Beat the Post-Christmas slump

By Gwen Bastian-Enright, MSc, dipNT, mNTOI

January – when Christmas and all its festivities and frivolities are over it can be a harsh return to reality. It can seem like the longest month of the year, cold, dark and with nothing to look forward to except a big credit card statement.

There are a number of things that can be used to help improve mood, such as exercise and a very simple thing is to get out in daylight and go for a walk. The benefits of walking are outlined by Shane O’Mara in his book “In Praise of Walking: The New Science of How We Walk and Why It’s Good for Us” with one benefit of mindful walking being to repair the brain (Thompson, 2019). 30 minutes a few times a week is a good start but aiming for 10-15,000 steps a day is even better!

However, it may be due to seasonal affective disorder (SAD) that you are not feeling like yourself. Signs and symptoms may include feeling depressed, comfort eating and not wanting to leave the house. People with SAD may have a lack of vitamin D and serotonin (NIH, 2016). Let’s look at vitamin D first. Living in Ireland many of us are aware that we lack in the ‘sunshine vitamin’ owing simply to where we live and how little sunshine we get, as well as less time spent outside. Vitamin D is made in our skin when we are exposed to UV B radiation from the sun (it’s made from cholesterol!). Testing your blood levels for vitamin D can be very useful to establish whether you have sufficient levels or not, and you can supplement this easily as well, for example by way of an oral spray. In Ireland, the HSE recommends all young babies take a supplement and that for adults, supplements of 25mcg a day is unlikely to cause harm (HSE, 2011), however others would suggest that higher levels of twice this (50mcg or 2,000iU) are a better place to start with supplementing (Chow, 2019).

Serotonin is a neurotransmitter that is essential for mood regulation and happiness, the synthesis of which is promoted by bacteria in the gut (Mills et al., 2019). In fact, the majority of the body’s serotonin is made in the gut! Our gut bacteria communicate with the brain, in what’s known as the microbiome-gut-brain axis. If the gut microbiome is disrupted and changed, which can be due to many reasons such as emotional stress, this can have a negative effect on cognitive function and neurological conditions such as anxiety and depression (Lima-Ojeda, Rupprecht, & Baghai, 2017).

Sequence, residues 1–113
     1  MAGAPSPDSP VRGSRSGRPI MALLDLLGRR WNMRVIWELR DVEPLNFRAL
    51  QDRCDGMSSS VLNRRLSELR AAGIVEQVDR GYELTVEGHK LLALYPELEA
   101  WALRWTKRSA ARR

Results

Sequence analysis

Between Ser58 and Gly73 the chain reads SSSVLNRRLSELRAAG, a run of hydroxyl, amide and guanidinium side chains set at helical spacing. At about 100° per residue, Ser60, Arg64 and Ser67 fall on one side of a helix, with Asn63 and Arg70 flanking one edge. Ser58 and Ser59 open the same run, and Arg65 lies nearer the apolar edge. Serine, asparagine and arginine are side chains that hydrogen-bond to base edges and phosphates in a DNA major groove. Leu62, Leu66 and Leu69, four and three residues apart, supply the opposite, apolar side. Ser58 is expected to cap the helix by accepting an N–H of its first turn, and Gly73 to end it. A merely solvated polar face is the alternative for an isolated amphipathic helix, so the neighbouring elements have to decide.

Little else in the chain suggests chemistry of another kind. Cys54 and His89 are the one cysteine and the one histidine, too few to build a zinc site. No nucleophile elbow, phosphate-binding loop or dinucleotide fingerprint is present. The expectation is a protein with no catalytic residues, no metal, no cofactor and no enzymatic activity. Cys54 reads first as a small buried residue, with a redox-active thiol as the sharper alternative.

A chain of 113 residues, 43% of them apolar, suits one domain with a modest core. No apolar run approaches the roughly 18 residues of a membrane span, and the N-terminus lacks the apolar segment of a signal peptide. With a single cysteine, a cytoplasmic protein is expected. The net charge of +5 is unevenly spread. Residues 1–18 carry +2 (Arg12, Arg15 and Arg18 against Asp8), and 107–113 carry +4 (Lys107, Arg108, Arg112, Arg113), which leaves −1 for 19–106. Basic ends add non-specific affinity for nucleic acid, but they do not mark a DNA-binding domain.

You may consider a probiotic to help improve mood: The word probiotic comes from the Greek and means “pro life”, which is so interesting considering the myriad of health benefits that are attributed to them. A probiotic supplement or probiotic foods and drinks such as kefir, kimchi and kombucha, may increase the diversity in bacterial strains in the gut, some of which have been researched due to their specific impact on mental health. For example, Bifidobacterium longum, which has been studied for effects on anxiety and depression as well as Bifidobacterium infantis. This means if you are looking for a probiotic supplement to support your mood, you might choose one with these strains in it.


Chow, Z. (2019) Can vitamin D cure depression? [online] available from:

HSE (2011) Vitamin D [online] available from:,-minerals-and-supplements/vitamind.html

Lima-Ojeda, J. M., Rupprecht, R., & Baghai, T. C. (2017). "I Am I and My Bacterial Circumstances": Linking Gut Microbiome, Neurodevelopment, and Depression. Frontiers in psychiatry, 8, 153. Available from:

Mills, S., Stanton, C., Lane, J. A., Smith, G. J., & Ross, R. P. (2019). Precision Nutrition and the Microbiome, Part I: Current State of the Science. Nutrients, 11(4), 923. Available from:

NIH (2016) Seasonal Affective Disorder [online] available from:

Thompson, S. (2019) Why walking words as a self-acting repair tool for body and soul [online] available from: